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Blue forehead room solution

Video transcript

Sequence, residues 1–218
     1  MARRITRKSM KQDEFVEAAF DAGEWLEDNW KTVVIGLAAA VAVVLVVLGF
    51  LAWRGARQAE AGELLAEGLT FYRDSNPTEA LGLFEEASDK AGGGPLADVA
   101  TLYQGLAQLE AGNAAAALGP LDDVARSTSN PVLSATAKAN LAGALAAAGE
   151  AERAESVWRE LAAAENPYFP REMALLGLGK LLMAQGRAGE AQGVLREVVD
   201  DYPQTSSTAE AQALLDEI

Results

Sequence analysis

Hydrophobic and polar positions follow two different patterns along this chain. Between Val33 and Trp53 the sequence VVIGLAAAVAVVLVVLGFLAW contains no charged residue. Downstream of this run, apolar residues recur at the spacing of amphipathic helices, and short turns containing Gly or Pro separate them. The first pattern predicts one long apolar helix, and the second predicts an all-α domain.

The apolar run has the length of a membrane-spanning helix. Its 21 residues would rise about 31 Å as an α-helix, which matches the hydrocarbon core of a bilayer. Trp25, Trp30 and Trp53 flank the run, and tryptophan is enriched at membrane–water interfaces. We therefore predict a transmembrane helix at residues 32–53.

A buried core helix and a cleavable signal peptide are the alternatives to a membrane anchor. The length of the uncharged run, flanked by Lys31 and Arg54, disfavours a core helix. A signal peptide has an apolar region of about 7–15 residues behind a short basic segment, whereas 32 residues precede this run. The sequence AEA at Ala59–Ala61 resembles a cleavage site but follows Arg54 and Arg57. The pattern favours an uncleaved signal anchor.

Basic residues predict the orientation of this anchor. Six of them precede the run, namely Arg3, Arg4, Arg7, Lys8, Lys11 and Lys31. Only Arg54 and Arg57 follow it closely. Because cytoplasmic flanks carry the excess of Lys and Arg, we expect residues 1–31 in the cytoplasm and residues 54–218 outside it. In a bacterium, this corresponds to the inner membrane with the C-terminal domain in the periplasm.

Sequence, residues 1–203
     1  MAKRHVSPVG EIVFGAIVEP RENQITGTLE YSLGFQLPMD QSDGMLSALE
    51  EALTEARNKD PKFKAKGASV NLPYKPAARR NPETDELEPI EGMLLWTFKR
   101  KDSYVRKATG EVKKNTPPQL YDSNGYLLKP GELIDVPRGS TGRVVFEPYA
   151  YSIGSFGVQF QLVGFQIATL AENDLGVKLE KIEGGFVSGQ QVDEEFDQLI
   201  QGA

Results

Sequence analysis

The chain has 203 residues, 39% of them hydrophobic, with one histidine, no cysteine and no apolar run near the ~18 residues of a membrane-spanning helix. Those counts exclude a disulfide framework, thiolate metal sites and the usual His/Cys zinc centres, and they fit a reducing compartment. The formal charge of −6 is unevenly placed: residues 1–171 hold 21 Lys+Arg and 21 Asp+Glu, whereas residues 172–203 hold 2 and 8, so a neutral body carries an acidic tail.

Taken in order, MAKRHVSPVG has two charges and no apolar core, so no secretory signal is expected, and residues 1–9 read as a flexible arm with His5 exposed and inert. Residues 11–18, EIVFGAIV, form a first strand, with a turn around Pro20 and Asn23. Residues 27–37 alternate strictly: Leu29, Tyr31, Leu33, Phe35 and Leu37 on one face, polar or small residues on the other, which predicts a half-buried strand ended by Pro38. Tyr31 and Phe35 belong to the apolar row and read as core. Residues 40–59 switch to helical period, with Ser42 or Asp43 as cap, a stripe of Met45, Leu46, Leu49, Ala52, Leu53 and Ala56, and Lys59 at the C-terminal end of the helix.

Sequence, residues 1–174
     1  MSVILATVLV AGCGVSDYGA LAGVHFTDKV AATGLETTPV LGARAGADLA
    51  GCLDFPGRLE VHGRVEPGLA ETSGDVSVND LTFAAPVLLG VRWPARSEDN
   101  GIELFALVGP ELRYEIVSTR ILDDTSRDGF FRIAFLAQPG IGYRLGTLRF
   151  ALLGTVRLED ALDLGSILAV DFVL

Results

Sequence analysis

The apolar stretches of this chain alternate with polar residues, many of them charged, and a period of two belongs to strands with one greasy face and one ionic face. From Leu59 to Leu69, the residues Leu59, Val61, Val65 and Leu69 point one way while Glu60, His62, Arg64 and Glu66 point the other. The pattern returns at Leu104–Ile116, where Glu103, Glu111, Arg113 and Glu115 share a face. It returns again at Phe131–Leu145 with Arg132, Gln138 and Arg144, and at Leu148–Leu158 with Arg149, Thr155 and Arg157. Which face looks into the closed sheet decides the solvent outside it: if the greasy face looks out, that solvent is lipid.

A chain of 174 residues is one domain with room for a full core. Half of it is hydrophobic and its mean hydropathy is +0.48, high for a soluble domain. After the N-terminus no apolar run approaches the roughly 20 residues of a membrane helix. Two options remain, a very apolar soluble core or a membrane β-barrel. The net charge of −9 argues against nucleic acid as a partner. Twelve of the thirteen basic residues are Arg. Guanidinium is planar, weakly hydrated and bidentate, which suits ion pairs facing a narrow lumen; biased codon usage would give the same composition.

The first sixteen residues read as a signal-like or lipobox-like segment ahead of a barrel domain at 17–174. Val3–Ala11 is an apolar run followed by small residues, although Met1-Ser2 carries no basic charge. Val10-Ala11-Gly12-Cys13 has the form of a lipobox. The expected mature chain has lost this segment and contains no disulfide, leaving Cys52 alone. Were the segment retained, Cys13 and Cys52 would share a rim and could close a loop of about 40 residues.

So we had the hundred logicians. All of their foreheads were painted blue. And before they entered the room, they were told that at least one of you hundred logicians has your forehead painted blue. And then every time that they turned on the lights, so that they could see each other, they said OK, once you've determined that you have a blue forehead, when the lights get turned off again, we want you to leave the room. And then once that's kind of settled down, they'll turn the lights on again. And people will look at each other again. And then they'll turn them off again. And maybe people will leave the room. And so forth and so on. And they're also all told that everyone in the room is a perfect logician. They have infallible logic. So the question was, what happens? And actually maybe an even more interesting question is why does it happen? So I'll answer the first, what happens? And if just take the answer, and you don't know why, it almost seems mystical. That essentially the light gets turned on and off 100 times, and then after the hundredth time that the light gets turned on, and the lights get turned off again, all of them leave. They all leave. So I mean, it's kind of weird, right? Let's say I'm one of them. Or you're one of them. I go into this room. The lights get turned on. And I see 99 people with blue foreheads. And I can't see my own forehead. They see my forehead, of course. But to any other person, I'm one of the 99, right? But I see 99 blue foreheads. So essentially what happens if we were to watch the show is, the lights get turned on. You see 99 blue foreheads. Then the lights get turned off again. And then the lights get turned on again. And everyone's still sitting there. And I still see 99 blue foreheads. And that happens 100 times. And after the hundredth time the light gets turned on, everyone leaves the room. And at first glance, that seems crazy, because nothing changes. Nothing changes between every time we turn on the light. But the way you need to think about this-- and this is what makes it interesting-- is what happens instead of 100, let's say there was one person in the room. So before the show starts-- they never told me that there were going to be 100 people in the room. They just said, at least one of you, at least one of the people in the room, has your forehead painted blue. And as soon as you know that your forehead is painted blue, you leave the room. And that everyone's a perfect logician. So imagine the situation where instead of 100 there's only one perfect logician. Let's say it's me. So that's the room. I walk in. And I sit down. And maybe I should do it with blue. And then they turn the lights on, and say, look around the room. And I look around the room, and I see nobody else, right? And remember, even in the case of one, we've painted everyone's forehead blue. So in this case, this one dude, or me or whoever you want to call him. His forehead is painted blue. So he looks around and he sees no one in the room. But he remembers the statement, and maybe it's even written down on a card for him in case he forgets. That at least one of you has your forehead painted blue. So if he looks around the room and he says, well I'm the only dude in the room. And they told me that at least one of the dudes in the room is going to have their foreheads blue. Well, I'm the only dude in the room. So I must have a blue forehead. So as soon as they turn the lights off, he's going to leave. Fair enough. That's almost trivially simple. And you might say, so how does this apply to 100? Well what happens when there are two people. And once again, both of them have their foreheads painted blue. So let me draw another. I don't want to keep drawing the blue forehead room. Let's say there's two people now. So let's put ourselves in the head of this guy. Right behind the blue forehead. That's where we're sitting. OK. So when he enters the room. He says, I either have a blue forehead. I either have a blue forehead, or I don't have a blue forehead. No blue. Right? This is what this guy's thinking. Let me draw him. And he has a blue forehead. But he doesn't know it. He can't see it. That's the whole point about painting the forehead blue, as opposed to another part of the body. So he says, I either have a blue forehead or I don't have a blue forehead. He walks in. Let's say this is this guy. He walks in. The first time the lights get turned on, he sees this other dude there who has a blue forehead. And he says OK, now let me think about it. How will this guy respond depending on each of these states? So let's say that I don't have a blue forehead. Let's go into this reality. If I don't have a blue forehead, what is this guy going to see? When the lights get turned on, he's going to see that I don't have a blue forehead. And we were both told that at least one of us has a blue forehead. So this guy, because he's a perfect logician, will deduce that he has to have a blue forehead. Remember, this is in a situation, if I assume that I don't have a blue forehead. We're in this world. I'm a perfect logician, so if I can assume, if I'm simulating the reality where I don't have a blue forehead, then this guy will see, I don't have a blue forehead. And then he'll say, I must have a blue forehead. And so when the lights get turned off, this guy will leave. He'll exit the room. And vice versa. The other guy will make the same logic. But since both of them have blue foreheads, what happens? The lights get turned off, then the lights get turned back on. When the light gets turned back on, this guy's still sitting here. And I just determined that if I didn't have a blue forehead-- and this is me-- this guy would have left. Because he could've said, oh I must be the only guy with a blue forehead. So he would have left. But since he didn't leave, I now know that I have a blue forehead. So then the second time that the lights get turned on, I can deduce that I have a blue forehead. And then when the lights get turned off again, I'll leave. And this guy, he's a perfect logician, so he makes the exact same conclusion. Because he also simulated in his head, OK if I didn't have a blue forehead, then this guy will leave as soon as the lights get turned off the first time. If this guy doesn't have a blue forehead, then this guy will say, well I see no-one else in the room with a blue forehead, and since I know that there's at least one with a blue forehead, I'll have to leave. But since he didn't leave, this guy will also know that he must have a blue forehead as well, so they'll actually leave together. Maybe they'll bump into each other on the way out. Fair enough. Now what happens if you extend it to three people? So we already said, if you have one person in the room, he'll come to the conclusion the first time that the lights are turned on. And then he'll leave right when they're turned off. If you have two people, it takes them essentially two times for the light to get turned on to reach that conclusion. Now if you have three people, and I think you see where this is going. One, two and three. Now remember, no one knows if their foreheads are painted blue, but the producers of the show actually did paint everyone's forehead blue. So so once again, let's get into this guy's head. So this guy says, he's either blue or he's not blue. So in the reality when he's not blue, what's going to happen? Well, this guy-- and this gets a little bit confusing, but if you think about it from the previous example, it makes a lot of sense. A person who has a not-blue forehead actually shouldn't affect the outcome of what the blue people do. Because let's say that this guy says, well what's going to happen if I'm not blue? Well, this guy's going to look at that guy, and say, oh he has a blue forehead. He doesn't have a blue forehead. So if I don't have a blue forehead, this guy's going to see two people without blue foreheads. And he's going to leave the room the first time that the lights are turned on. He'll come to the conclusion. Now the second time that the light's turned on, this guy will say, gee, this guy didn't leave the room. That guy doesn't have a blue forehead. And this guy didn't leave the room because he must have seen someone with a blue forehead. Therefore I must have a blue forehead. And so, if this guy doesn't have a blue forehead, both of these guys would leave the room the second time that the light gets turned on. Now what happens if they don't leave the room the second time that the lights are turned on? Well if I was not blue, they would have left. So if they haven't left by the third showing of the light, then I know that I'm blue. So when you have three people, they're all perfect logicians, they all have their foreheads painted blue. The light will be shown three times. Or the light will be turned on three times. And then when the light gets turned off, they'll all leave together. And so this logic applies for any. You could have 1,000 people. You can keep extending it. The fourth person will have the exact same logic. If he's not blue, then these guys are going to leave after three turnings on of the light. But if they don't leave after three turnings on of the light, then he must be blue. And so they're all going to leave together. All four of them on the fourth showing of everyone's foreheads. Anyway, and you can keep extending this all the way to 100. And 100 is arbitrary. You could do this with a million people, and they would just keep looking at each other a million times. And then on the millionth showing, they would all reach the conclusion that they all have blue foreheads, and they would leave the room. And if you think about it, it's fairly straightforward logic. But it leads to kind of a very almost eerie result. Hopefully that satisfies you. See you in the next video.